But ambitions of Peder Fisker who was a leading engineer were much wider than manufacturing of household appliances. In 1919, the company, quite unexpectedly, has introduced its first bike Nimbus. The first model a prototype of which was designed two years before combined some promising features and stylish trends.
At first instance, your sight was arrested by the bike’s frame – thick-walled supporting pipe of large diameter masking a petrol tank. Similar solutions only just were coming into fashion in Germany. Two heavy-duty pressed bars formed the bottom part of the frame thus closing the contour. Between, a powertrain was located, which was an inline four-cylinder engine (746 cc, 9 h.p.) in a aluminium crankcase shared with a three-speed gearbox.
Cast-iron cylinders were casted independently. Valve train was designed as “valve over the valve”. Inlet valve drive was fully accessible and the pushrods went in pairs: two between the first and second cylinder and other two between the third and fourth cylinder.
Inline engine made conditions to implement a drive shaft because the rear wheel disk including the rear mudguard were suspended to the rear part of the frame using two springs.
The fork was complex and had two compression springs installed in enclosed casings. In this configuration (model A), bike had been manufacturing until 1923 when it was replaced by the B model, which had a simplified fork, an upgraded carburettor and a new intake manifold. In 1927, the manufacturing of the B model was ceased because the company wanted to expand output of the principal products.
In 1934, the Nimbus marque suddenly appeared once again. The design of the new machine only partially resembled the previous models that were equipped with inline engines and a driveshaft. For the rest, it was a whole new bike. Its double cradle was made only of pressed profiles that were very simple in shape.
The petrol tank was installed to the frame from above similar to BMW or Zündapp. The rear suspension was rigid and the front fork was telescopic with springs inside the pipe legs. The handle bar was a pressed plate at the end of which control levers were affixed; in the center, instruments and electric equipment switch were placed. Under the handle bar, a headlight was installed on the fork’s bottom bridge.
The powertrain needs a detailed description. It was an inline four-cylinder overhead valve engine (746 cc, 22 h.p.). Cast-iron cylinders were casted together with the crankcase top half as an integral part. The bottom half was made of aluminium and hosted an oil tank.
The removable cast-iron head of the cylinder barrel contained a camshaft covered with a special aluminium cover. The camshaft was driven by a vertical shaft, which was located in the engine’s front end; an electric generator with an automobile timer-distributor was vertically fitted over the front tailshaft.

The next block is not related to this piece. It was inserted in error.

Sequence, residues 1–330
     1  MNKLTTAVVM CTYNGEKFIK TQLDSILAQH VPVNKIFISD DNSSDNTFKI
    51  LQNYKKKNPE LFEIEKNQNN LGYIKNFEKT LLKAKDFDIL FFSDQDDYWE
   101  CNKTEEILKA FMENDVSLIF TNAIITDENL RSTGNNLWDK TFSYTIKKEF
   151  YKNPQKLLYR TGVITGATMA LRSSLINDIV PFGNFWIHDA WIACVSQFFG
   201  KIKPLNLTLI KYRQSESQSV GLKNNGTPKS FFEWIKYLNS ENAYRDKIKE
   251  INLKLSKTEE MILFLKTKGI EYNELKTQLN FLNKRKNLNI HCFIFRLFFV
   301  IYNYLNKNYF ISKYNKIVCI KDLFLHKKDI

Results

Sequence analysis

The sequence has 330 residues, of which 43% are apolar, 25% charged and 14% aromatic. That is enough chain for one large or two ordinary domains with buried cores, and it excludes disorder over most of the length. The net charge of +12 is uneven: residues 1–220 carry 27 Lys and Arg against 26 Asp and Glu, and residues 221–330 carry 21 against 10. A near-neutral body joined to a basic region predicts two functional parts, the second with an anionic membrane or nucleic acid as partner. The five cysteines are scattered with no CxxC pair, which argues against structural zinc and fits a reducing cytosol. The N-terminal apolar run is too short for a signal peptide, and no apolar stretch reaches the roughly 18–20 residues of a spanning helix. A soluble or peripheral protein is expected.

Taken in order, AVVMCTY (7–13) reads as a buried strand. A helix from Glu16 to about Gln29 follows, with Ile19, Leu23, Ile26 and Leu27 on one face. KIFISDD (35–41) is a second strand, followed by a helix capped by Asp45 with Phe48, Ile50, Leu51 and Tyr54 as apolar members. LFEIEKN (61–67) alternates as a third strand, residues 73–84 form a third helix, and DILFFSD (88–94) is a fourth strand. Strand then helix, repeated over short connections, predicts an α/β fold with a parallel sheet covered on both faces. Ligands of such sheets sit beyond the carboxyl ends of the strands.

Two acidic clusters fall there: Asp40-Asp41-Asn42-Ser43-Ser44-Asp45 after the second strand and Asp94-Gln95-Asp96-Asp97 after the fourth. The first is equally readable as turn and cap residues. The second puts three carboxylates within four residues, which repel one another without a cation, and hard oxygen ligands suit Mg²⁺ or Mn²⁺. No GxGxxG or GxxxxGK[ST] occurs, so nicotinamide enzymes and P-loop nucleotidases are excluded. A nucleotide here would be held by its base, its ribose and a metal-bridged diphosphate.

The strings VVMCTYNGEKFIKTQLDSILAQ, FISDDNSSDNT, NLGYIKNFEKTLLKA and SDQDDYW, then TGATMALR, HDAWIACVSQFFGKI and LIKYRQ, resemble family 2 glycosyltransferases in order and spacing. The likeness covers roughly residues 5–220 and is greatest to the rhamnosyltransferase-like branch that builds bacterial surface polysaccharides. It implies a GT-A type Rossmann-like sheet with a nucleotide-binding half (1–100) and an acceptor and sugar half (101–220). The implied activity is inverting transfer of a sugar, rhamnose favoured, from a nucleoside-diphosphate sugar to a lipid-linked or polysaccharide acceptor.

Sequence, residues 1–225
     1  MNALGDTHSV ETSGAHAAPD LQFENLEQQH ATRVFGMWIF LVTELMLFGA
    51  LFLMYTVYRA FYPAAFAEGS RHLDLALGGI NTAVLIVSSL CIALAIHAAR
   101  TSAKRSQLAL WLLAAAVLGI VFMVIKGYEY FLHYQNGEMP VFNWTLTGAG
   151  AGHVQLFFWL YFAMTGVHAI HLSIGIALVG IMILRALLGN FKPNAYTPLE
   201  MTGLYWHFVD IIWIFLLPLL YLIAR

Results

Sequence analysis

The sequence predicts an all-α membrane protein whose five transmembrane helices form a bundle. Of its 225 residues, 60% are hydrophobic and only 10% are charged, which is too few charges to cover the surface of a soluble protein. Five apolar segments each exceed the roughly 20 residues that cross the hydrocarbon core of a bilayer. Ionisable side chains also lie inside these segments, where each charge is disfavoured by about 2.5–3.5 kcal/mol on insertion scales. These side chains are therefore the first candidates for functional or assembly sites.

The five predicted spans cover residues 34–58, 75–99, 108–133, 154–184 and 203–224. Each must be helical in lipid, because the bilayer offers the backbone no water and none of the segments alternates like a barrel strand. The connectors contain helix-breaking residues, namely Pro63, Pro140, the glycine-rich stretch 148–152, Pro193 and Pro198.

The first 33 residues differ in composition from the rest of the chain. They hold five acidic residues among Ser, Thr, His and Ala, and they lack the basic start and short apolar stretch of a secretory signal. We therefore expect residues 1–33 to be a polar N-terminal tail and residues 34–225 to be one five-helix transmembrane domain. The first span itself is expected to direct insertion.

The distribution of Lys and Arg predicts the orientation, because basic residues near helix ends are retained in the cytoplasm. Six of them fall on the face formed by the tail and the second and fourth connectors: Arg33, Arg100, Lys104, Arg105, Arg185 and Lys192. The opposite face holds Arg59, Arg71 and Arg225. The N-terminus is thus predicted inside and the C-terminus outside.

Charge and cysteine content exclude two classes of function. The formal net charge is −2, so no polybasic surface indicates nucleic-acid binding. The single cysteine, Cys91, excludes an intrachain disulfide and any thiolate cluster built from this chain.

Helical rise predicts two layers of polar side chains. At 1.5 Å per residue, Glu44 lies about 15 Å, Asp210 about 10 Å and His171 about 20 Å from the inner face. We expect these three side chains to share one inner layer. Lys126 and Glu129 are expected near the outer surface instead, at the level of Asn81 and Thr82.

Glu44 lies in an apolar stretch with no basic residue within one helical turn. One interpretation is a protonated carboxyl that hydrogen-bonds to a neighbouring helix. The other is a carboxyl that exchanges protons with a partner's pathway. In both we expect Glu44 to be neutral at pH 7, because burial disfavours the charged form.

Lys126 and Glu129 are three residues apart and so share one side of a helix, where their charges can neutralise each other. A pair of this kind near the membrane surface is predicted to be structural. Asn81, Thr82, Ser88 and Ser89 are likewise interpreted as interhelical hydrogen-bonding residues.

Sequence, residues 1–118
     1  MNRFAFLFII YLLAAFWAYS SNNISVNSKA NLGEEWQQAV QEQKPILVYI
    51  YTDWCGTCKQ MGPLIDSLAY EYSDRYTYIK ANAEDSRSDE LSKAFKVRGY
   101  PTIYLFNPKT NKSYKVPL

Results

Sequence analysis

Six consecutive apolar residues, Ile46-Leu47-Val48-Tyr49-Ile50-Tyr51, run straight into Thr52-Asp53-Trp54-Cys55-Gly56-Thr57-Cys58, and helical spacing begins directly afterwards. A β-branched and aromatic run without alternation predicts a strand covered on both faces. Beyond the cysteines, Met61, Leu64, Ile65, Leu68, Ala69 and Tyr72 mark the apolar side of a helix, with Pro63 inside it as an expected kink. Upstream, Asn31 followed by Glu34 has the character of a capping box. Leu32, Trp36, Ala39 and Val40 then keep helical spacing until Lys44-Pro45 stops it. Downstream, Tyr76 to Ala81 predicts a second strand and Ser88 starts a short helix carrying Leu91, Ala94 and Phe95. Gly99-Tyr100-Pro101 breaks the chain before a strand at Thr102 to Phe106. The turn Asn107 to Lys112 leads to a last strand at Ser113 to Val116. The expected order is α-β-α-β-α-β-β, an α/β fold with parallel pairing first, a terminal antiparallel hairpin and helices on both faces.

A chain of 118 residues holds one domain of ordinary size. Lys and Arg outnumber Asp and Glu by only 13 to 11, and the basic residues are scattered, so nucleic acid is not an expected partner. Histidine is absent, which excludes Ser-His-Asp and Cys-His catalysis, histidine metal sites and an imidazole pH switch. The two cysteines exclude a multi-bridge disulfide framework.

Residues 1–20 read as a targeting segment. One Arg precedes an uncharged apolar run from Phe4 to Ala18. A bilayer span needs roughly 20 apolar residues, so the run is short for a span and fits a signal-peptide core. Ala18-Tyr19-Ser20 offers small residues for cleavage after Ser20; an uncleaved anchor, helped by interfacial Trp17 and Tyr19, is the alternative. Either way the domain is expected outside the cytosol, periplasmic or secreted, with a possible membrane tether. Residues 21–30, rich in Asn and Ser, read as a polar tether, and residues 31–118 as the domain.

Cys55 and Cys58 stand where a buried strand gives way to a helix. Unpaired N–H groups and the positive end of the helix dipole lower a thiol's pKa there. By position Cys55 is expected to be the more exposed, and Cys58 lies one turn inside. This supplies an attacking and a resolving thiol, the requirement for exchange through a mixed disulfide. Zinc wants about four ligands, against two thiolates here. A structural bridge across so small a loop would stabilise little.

Valves equipped with spiral springs were set in the V-configuration. Four valve rockers went out of the camshaft cover via individual openings on either side. So, rocker-valve pairs were accessible (opened). This was good for valve clearance adjustment, but as for the valve train, it reduced its service life despite the force-feed lubrication system. Another interesting feature of the engine was a forced ventilation of the crankcase via a carburettor.
A three-speed gearbox had a cunning gearshift control that allowed both a hand lever and a foot pedal (which was installed to the Luxus version since 1935) to be connected to the gear shift gate.
Moreover, the gear shift lever could be installed from either side at customer’s option. Rear brake foot pedal could also be installed on either side. A kickstarter pedal was an exception – it was located only on the left and went under the frame.
In 1936, the fork was reinforced, and the wheels got heavy-duty hubs. The bike could achieve 110 km/h having 172 kgs of its weight. In this configuration, bike was being produced till the end of 1940s when it was upgraded the last time.
The fork was a little modified, the headlight moved from the fork’s bottom bridge to special side brackets under the handle bar, the saddle was suspended on the jacketed central springs (instead of accessible springs on either side) and was equipped with rubber loops serving as arresters.
In this configuration the bike was being manufactured until 1958 when the manufacturing was completely ceased. According to some reports, it happened earlier, in 1954; and till 1958, the company had been manufacturing only spare parts.
Nimbus bikes circulated both as solo machines and with a sidecar. They had been selling to individual persons, to the Army, to the police and had been exporting abroad. In the history of motorcycles, the Nimbus probably is the only bike that was being manufactured without any modifications for more than 20 years.
|Manufacturer||Fisker and Nielsen, Denmark|
|Years of manufacture||1934-1958|
|Quantity produced, units||Over 12 000|
|Стоимость в современных ценах||N/A|
|ENGINE AND TRANSMISSION|
|Engine capacity, cc||746|
|Bore and stroke, mm||60 х 66|
|Engine rating||22 hp at 4500 rpm|
|FRAME AND WHEELBASE|
|Frame type||Duplex (stamped steel)|
|Wheel size||3,50 х 19|
|Ground clearance, mm||
|Seat height, mm||
|Gas tank size, l||
|Maximum speed, km/h||